Rantei-dō (蘭庭堂)

So we have mentioned that Rinnō-ji was erected to pray for the wife of Date Mochimune. If you wonder which worship hall is for her, it is the Rantei-dō at the far back of the garden.

The patterns engraved on the worship hall’s door are the Date clan’s family crest. The one that looks like a flower with eight smaller circles surrounding a large circle in the middle is called Kuyōmon (九曜紋). The one at the right is an image of two sparrows circled by bamboo.

Both of the crests look extra shiny when contrasted with the black door.

The Best Times to Visit Rinnō-ji

  • May: The fresh green and azalea season
  • June and July: Iris
  • July: Lotus
  • November: Fall foliage
  • January to early February: Snow season
  • The 1st and the 15th of each month is when Rinnō-ji’s main image, a seated Gautama Buddha statue, is displayed to the public.

Rinnō-ji’s Opening Hours, Admission Fee, and Access Information

  • Rinnō-ji is open from 8 am to 5 pm.
  • The admission fee to the temple’s garden is 300 yen.
  • From JR Kitayama Station (北山駅), it is around a 10-minute walk.
  • From Kita-Sendai Station (北仙台駅), it is around a 20-minute walk.
  • If you plan to take Sendai City Bus, get off at Rinnōji-mae (輪王寺前).

IMAGINE (イマジネ)

If you plan to visit Rinnō-ji and are wondering where to have breakfast or lunch, the bakery called ‘IMAGINE’, just next to Kita-Sendai Station, can be a great choice. The bakery has a simple but fashionable appearance and is popular among the locals.

In addition to the savory and sweet bread and cakes, it also has a deli session. The second floor of the shop is a cafe space. So whether you would like to take away or dine in, IMAGINE can cater to your needs.

Just note that due to changes in consumption tax, you can’t eat the food you bought from the bakery on the first floor in the café space on the second floor. So if you want to dine in, stick to their café menu. If you can’t finish the food, they can pack it for you to enjoy later.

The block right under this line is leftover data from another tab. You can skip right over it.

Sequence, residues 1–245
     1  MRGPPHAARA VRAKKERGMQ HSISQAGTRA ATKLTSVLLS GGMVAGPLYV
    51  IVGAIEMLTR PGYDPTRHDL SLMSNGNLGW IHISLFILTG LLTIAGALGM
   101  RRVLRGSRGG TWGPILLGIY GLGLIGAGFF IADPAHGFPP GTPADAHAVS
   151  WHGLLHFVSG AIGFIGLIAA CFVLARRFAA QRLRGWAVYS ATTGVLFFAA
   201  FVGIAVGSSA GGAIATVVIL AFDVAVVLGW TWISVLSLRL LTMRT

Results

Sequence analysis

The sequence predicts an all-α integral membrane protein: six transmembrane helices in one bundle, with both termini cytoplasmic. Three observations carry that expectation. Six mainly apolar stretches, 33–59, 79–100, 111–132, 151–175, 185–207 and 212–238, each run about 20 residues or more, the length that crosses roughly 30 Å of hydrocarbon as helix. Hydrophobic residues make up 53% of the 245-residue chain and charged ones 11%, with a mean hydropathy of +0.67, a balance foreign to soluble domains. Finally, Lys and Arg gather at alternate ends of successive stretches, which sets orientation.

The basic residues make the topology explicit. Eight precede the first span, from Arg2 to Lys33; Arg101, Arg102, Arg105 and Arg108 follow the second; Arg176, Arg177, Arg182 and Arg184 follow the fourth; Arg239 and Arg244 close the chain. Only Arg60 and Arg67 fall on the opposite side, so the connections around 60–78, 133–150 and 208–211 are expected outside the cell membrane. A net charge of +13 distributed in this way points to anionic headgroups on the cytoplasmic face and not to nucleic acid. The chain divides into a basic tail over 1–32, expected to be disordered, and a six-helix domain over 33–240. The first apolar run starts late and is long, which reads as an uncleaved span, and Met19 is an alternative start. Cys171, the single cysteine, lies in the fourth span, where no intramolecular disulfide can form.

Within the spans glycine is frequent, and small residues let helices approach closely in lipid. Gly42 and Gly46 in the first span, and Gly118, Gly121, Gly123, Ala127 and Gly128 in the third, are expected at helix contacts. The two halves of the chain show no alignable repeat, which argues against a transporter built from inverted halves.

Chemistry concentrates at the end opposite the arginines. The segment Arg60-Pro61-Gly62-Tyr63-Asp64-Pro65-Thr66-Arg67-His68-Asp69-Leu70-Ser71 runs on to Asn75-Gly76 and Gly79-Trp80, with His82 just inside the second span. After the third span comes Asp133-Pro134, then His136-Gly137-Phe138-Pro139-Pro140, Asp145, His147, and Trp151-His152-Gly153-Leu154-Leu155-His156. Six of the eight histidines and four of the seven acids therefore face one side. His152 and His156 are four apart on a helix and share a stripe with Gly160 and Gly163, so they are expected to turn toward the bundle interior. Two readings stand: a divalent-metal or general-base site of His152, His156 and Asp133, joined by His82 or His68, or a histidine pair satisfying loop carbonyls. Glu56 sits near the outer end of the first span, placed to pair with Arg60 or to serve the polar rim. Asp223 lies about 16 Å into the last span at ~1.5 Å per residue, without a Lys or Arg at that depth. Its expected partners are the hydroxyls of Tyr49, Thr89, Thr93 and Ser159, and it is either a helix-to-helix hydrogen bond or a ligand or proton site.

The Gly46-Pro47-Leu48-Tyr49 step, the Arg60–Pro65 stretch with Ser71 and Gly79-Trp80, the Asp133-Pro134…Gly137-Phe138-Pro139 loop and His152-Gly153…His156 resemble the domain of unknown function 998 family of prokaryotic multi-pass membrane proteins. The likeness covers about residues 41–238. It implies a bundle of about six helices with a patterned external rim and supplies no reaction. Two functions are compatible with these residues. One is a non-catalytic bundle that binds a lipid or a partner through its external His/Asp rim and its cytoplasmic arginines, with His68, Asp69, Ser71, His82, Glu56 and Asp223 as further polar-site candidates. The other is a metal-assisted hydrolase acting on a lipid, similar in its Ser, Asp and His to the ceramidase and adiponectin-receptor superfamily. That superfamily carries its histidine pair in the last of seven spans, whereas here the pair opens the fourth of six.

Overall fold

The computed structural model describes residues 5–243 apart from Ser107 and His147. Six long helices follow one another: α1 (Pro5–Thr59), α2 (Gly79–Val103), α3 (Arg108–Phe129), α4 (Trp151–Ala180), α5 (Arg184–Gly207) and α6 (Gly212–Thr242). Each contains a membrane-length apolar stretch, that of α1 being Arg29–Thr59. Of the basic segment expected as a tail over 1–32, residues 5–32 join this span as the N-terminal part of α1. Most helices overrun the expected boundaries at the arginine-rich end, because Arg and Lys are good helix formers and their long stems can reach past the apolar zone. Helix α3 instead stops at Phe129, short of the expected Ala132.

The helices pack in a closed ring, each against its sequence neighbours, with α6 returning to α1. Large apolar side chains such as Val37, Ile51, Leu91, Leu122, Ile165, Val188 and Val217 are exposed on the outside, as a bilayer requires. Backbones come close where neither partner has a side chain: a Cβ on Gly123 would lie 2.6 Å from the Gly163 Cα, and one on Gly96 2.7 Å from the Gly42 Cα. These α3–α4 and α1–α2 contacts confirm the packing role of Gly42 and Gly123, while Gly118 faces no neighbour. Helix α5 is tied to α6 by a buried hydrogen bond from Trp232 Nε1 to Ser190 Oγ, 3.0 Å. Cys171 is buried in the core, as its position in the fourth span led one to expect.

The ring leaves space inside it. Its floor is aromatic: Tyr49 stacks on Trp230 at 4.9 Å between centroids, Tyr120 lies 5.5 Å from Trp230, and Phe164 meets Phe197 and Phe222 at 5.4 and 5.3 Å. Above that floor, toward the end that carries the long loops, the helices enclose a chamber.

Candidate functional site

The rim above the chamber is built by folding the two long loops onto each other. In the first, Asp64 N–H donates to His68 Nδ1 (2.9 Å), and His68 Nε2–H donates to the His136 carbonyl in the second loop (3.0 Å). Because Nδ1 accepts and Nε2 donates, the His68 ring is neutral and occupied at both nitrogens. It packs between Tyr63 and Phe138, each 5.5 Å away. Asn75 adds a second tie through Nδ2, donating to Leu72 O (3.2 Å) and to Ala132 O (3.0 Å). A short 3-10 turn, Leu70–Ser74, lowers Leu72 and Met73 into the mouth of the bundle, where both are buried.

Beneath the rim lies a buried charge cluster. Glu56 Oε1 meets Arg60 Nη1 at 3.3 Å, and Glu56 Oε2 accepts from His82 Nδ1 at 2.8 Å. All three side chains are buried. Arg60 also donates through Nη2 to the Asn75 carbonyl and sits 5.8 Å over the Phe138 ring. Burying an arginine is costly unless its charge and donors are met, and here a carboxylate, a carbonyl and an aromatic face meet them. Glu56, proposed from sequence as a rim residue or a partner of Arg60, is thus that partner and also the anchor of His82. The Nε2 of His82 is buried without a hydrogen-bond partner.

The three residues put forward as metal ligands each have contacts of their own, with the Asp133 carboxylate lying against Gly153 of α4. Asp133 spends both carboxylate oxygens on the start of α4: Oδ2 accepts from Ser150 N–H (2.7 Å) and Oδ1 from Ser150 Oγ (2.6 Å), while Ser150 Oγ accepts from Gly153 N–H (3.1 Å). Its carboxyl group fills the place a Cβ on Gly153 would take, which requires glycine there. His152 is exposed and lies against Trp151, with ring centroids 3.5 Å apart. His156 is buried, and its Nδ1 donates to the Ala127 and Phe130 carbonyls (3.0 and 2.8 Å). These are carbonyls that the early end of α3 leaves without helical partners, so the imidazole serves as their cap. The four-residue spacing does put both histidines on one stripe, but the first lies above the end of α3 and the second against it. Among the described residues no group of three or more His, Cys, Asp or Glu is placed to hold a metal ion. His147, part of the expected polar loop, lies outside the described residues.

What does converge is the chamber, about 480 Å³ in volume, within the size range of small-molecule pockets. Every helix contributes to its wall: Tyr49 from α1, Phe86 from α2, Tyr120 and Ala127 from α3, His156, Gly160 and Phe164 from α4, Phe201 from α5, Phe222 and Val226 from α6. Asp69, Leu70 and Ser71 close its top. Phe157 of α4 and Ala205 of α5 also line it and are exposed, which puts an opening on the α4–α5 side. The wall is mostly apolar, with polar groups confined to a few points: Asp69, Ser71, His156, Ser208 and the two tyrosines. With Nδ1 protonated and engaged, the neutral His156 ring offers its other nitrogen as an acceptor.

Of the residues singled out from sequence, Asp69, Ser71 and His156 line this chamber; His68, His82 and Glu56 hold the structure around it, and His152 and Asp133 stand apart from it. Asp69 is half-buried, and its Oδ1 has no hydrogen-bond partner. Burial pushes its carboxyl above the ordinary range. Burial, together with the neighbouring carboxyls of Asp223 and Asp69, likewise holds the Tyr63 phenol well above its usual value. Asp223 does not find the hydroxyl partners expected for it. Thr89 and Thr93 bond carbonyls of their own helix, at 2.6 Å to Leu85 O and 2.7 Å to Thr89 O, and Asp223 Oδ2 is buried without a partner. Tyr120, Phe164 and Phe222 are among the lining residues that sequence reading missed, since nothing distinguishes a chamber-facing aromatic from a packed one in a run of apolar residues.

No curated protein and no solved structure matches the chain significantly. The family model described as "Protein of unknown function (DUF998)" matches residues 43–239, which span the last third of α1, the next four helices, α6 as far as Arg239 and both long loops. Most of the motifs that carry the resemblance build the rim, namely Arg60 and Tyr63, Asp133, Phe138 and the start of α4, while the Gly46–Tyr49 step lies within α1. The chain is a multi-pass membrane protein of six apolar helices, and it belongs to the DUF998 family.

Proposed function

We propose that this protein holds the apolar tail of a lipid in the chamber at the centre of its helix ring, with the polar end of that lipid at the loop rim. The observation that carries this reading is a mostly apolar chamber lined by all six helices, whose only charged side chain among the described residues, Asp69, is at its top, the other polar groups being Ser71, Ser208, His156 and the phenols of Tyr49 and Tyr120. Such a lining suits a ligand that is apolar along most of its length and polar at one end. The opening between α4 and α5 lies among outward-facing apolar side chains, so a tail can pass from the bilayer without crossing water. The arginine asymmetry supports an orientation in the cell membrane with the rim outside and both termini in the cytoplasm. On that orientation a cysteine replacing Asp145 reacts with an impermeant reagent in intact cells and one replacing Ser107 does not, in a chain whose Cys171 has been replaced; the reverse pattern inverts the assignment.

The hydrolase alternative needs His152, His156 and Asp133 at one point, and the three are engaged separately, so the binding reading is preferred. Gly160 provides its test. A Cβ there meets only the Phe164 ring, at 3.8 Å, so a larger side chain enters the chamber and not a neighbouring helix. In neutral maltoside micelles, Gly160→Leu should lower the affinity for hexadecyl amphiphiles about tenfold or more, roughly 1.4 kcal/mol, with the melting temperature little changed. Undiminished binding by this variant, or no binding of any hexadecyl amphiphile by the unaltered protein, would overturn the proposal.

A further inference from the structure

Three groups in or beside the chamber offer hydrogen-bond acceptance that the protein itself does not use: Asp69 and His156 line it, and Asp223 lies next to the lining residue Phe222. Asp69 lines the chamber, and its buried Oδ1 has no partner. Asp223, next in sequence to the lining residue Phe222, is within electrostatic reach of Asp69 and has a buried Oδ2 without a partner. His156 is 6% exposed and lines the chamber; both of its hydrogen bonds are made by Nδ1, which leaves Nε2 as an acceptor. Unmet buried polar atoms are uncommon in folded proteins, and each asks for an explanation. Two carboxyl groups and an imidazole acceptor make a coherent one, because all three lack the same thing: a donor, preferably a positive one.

As not all menu items are vegetarian and most of the products contain eggs, you can utilize the phrases in our Essential Japanese Travel Phrases for Vegetarians and Vegans article to order foods you can eat.

Tip: As the bakery is quite popular, if you plan to dine in but also want to take away some products from the first floor, you can ask the staff to reserve them for you before you head to the café.

IMAGINE’s Business Hours and Access Information

  • IMAGINE is open daily from 7 am to 6 pm except on Mondays.
    • If Monday is a public holiday, it will close on the next business day.
  • The breakfast menu is served from 7 am to 10 am.
  • The lunch menu is served from 10 am to 2:30 pm.
  • IMAGINE is just a 2-minute walk from JR Kita-Sendai Station (北仙台駅).

Discover Other Fantastic Attractions in Sendai

You might not be aware of it, but Sendai, the Tōhoku region‘s biggest city, receives more than 20 million tourists each year!

So if you want to find out how Sendai managed to attract so many people to visit it, refer to our article on Sendai, which is filled with historical, cultural, and natural attractions (=゚ω゚)ノ.

Click the photo to find out about other amazing attractions in Sendai!